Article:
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VA Hospital & Healthcare Association Letter to State Leaders Argues Acute Care Hospitals “not designed or intended to provide long-term care for patients with specialized needs”


From the Virginia Hospital & Healthcare Association:

Please see the attached letter that has been sent to Virginia legislative and state leaders related to mental health treatment in the Commonwealth in light of the recent decision by the Virginia Department of Behavioral Health and Development Services to temporarily halt admissions at several state-run psychiatric hospitals due to staffing and capacity issues.

The intent of the letter is to provide data-informed context around this issue. As the letter notes, and as the data shows, private hospitals in Virginia continue to handle the vast majority of both voluntary and involuntary (including TDOs) psychiatric patient admissions in the Commonwealth. This is occurring at a time when overall demand for mental health and substance use services continue to rise – data shows that utilization of such hospital-based services increased last year during the height of the pandemic even as many other hospital-based service lines saw decreased utilization.

The data also shows that average length of stay for patients admitted for behavioral health care at Virginia hospitals is increasing. Some hospitals are also encountering situations where patients in crisis whose care would ideally occur in a state-run psychiatric hospital are getting waylaid in hospital emergency departments while awaiting an appropriate transfer and admission to state-run psych hospitals. This can cause complications and capacity challenges for hospitals which are also continuing to respond to the COVID-19 pandemic and dealing with staffing and other resources challenges of their own.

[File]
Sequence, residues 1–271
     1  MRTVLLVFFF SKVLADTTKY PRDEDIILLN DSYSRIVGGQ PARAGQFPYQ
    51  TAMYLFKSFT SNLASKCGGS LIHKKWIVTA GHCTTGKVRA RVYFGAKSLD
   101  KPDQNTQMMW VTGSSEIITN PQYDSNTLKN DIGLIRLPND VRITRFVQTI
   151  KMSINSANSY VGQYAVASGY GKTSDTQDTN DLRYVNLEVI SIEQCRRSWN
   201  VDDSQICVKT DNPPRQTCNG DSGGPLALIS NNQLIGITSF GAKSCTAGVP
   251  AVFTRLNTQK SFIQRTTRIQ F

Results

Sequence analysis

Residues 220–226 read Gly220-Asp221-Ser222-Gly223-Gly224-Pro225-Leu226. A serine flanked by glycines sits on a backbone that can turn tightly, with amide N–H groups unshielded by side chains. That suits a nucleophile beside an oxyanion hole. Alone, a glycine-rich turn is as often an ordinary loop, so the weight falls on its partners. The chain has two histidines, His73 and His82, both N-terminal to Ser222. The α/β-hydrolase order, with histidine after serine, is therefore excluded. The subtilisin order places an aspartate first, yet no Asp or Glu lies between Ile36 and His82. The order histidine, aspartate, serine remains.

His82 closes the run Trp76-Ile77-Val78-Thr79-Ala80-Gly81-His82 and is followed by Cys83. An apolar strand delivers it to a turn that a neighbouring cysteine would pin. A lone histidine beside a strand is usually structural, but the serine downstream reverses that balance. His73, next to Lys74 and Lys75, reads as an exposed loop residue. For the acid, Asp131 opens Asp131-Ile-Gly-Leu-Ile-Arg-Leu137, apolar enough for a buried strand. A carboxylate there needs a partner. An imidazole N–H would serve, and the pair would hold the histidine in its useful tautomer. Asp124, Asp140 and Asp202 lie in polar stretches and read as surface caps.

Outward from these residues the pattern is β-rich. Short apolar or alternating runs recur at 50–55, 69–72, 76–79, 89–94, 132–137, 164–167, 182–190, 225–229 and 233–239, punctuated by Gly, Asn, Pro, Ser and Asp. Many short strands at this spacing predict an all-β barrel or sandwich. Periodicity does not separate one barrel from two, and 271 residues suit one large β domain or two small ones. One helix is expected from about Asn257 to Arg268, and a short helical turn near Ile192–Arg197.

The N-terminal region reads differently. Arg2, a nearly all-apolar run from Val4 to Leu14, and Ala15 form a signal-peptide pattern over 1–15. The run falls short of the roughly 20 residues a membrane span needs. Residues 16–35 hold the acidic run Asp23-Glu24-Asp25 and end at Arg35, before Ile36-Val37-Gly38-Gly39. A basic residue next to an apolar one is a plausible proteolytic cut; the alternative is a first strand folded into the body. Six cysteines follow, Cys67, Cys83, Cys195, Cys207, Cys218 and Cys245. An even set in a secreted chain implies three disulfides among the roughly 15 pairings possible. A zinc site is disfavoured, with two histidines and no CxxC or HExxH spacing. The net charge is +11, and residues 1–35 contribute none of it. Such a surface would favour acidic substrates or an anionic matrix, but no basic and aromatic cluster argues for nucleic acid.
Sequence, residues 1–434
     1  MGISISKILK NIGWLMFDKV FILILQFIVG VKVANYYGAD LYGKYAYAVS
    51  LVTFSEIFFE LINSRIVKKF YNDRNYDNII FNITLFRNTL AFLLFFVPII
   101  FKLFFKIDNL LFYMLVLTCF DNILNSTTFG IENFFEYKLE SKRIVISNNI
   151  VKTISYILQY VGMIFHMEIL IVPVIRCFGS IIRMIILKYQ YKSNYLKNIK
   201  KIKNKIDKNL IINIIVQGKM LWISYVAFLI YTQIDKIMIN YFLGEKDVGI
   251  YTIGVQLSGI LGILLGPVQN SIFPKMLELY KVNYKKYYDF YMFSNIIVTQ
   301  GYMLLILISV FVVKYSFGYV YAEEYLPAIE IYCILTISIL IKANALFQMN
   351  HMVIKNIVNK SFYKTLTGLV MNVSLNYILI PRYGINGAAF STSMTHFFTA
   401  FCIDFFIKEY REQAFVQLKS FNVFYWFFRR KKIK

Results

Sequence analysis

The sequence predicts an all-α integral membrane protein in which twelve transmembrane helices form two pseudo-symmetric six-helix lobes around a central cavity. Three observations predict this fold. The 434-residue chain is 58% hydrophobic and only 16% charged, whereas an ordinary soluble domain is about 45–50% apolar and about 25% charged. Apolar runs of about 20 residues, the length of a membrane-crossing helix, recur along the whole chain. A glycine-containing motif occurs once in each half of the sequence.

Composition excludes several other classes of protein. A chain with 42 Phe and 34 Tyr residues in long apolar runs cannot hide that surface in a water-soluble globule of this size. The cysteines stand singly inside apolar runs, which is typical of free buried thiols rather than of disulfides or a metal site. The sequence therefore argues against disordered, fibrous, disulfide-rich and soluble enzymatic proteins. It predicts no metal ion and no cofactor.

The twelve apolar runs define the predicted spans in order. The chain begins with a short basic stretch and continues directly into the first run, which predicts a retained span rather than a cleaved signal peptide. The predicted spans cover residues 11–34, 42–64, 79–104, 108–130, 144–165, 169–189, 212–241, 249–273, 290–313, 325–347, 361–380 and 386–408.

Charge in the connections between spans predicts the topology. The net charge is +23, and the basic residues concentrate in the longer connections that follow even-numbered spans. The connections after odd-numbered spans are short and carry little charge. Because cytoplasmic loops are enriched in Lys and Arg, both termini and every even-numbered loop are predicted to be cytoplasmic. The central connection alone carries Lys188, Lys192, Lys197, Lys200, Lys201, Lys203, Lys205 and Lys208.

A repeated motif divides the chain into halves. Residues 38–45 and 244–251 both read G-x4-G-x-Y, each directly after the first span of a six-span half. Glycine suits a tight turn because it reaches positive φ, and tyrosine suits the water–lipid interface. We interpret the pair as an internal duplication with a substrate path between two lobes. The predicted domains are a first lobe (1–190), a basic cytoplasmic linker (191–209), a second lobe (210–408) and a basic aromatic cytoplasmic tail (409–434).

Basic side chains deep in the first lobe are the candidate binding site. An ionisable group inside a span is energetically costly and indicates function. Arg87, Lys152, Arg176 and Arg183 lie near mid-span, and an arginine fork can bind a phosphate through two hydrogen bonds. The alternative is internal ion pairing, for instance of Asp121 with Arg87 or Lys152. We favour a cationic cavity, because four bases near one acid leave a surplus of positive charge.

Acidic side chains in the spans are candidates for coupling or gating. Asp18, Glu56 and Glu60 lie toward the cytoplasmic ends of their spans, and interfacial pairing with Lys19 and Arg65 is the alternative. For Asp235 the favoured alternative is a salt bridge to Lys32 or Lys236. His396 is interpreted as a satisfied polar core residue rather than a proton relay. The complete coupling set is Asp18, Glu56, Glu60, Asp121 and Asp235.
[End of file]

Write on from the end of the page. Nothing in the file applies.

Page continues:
In recent years, Virginia’s hospitals have added hundreds of new mental health beds to accommodate patients in need of care, with plans for more new beds to come online in the coming years. Meanwhile, Virginia hospitals over the years have offered policy proposals to the state to meet patient needs in inpatient and outpatient settings, and even now are developing new options to help respond to the current challenges being experienced at state-run hospitals. Funding for staffing and other resources needs is necessary to effectively implement these strategies.

It is important to remember that just as each patient is unique (some of the most challenging patients may be experiencing an array of mental, behavioral, substance use, and/or medical co-morbidities), so are hospitals which have different in-house capabilities, licensed bed types, etc. Different patients may require different levels of care depending on their diagnosis and condition. There isn’t a one-size-fits all solution. The goal for every patient is to find the appropriate setting for care to get them the best treatment. Virginia’s hospitals continue to engage with our partners in state government to identify strategies to best serve patients in need in the Commonwealth.


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